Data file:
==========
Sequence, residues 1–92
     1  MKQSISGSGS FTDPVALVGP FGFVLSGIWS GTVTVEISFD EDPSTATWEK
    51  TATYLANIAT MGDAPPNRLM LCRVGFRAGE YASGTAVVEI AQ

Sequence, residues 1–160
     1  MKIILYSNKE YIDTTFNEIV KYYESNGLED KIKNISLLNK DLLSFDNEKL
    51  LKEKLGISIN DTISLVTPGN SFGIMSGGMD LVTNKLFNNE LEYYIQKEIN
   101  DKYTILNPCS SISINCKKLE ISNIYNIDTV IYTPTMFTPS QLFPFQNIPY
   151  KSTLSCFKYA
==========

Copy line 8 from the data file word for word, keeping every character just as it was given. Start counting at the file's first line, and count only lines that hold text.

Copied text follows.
   151  KSTLSCFKYA